Джером Клапка Джером - Трое в лодке, не считая собаки. Трое на велосипедах (сборник)
Трое в лодке, не считая собаки. Трое на велосипедах (сборник) 4,2

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Джером Клапка Джером (1859-1927) - известный английский писатель, произведения которого отмечены добродушным юмором. В книгу вошли две повести: пользующаяся широкой известностью "Трое в лодке, не считая собаки" (1889) и "Трое на велосипедах" (1900), выпускаемая в свет в новом переводе. Содержит иллюстрации.
Цикл: Трое друзей, Джей, Джордж и Гаррис, книга №2
Издательство: Художественная литература

Лучшая рецензия на книгу

12 октября 2021 г. 13:21

50

4 Впечатление англичан от немцев в 1900 году

Книга оказалась не настолько смешной, как первая. Здесь было всего несколько любопытных моментов. Именно те, которые были посвящены самому путешествию. Большая часть книги это рассуждения автора о своем. Но интересные рассуждения англичан по поводу немцев, их привычек и образа жизни. Также интересно смотреть на все это сейчас. Автор ещё не подозревал,как распространится по миру английский язык, но правильно предсказал благодаря чему это случится, ошибся только со страной. Интересны и методы изучения языков в школах разных стран. Познавательная книга. Но хотелось посмеяться... Английский юмор в этой книге ну уж очень английский. Не совсем понятный для других

Трое в лодке, не считая собаки

Автор: Михаил Донской

стр. 5-198

Трое на четырех колесах — Джером К. Джером, роман
Перевод: А. Ливергант

стр. 199-382

ISBN: 5-280-02548-8

Год издания: 1993

Язык: Русский

Твердый переплет, 384 стр.
Тираж: 75 000 экз.
Формат: 84x108/32 (130х205 мм)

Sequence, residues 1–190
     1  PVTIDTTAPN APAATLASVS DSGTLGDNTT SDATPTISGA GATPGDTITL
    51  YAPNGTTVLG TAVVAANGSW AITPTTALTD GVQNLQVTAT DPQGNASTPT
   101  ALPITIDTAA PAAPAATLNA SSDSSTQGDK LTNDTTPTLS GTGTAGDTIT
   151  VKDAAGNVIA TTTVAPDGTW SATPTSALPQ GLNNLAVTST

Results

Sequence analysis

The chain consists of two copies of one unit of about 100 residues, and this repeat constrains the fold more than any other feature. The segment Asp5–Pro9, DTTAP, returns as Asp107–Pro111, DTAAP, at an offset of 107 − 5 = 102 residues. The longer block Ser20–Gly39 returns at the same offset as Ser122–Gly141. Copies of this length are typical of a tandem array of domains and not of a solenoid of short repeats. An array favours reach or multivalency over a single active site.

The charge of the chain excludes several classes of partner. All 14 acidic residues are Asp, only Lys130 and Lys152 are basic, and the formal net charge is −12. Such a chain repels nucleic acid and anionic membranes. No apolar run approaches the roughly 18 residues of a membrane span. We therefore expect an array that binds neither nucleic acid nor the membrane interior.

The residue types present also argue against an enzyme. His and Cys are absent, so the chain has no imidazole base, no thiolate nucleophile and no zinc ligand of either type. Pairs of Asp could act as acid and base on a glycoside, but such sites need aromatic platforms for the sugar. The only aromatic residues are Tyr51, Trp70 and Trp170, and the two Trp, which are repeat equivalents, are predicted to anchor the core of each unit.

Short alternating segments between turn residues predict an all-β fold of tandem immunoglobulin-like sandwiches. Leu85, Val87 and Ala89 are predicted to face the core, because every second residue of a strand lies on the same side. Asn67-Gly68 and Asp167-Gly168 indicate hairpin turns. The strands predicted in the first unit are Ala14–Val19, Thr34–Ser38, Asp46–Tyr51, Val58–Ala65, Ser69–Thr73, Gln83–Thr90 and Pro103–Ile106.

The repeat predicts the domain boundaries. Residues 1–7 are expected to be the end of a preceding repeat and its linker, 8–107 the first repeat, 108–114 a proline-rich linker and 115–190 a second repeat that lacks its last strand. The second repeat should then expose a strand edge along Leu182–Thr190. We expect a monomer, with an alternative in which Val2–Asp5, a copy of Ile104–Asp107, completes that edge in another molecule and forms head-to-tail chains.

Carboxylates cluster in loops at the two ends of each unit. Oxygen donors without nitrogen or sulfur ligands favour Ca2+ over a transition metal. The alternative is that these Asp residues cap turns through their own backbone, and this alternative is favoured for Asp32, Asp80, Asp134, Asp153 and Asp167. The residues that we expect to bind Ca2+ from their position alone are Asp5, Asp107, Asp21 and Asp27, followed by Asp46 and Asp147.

Возрастные ограничения: 16+

Three Men in a Boat (To Say Nothing of the Dog),[Note 1] published in 1889, is a humorous account by Jerome K. Jerome of a boating holiday on the Thames between Kingston and Oxford.

The book was initially intended to be a serious travel guide, with accounts of local history along the route, but the humorous elements took over to the point where the serious and somewhat sentimental passages seem a distraction to the comic novel. One of the most praised things about Three Men in a Boat is how undated it appears to modern readers — the jokes seem fresh and witty even today.

The three men are based on Jerome himself (the narrator J.) and two real-life friends, George Wingrave (who went on to become a senior manager in Barclays Bank) and Carl Hentschel (the founder of a London printing business, called Harris in the book), with whom he often took boating trips. The dog, Montmorency, is entirely fictional but, "as Jerome admits, developed out of that area of inner consciousness which, in all Englishmen, contains an element of the dog." The trip is a typical boating holiday of the time in a Thames camping skiff. This was just after commercial boat traffic on the Upper Thames had died out, replaced by the 1880s craze for boating as a leisure activity.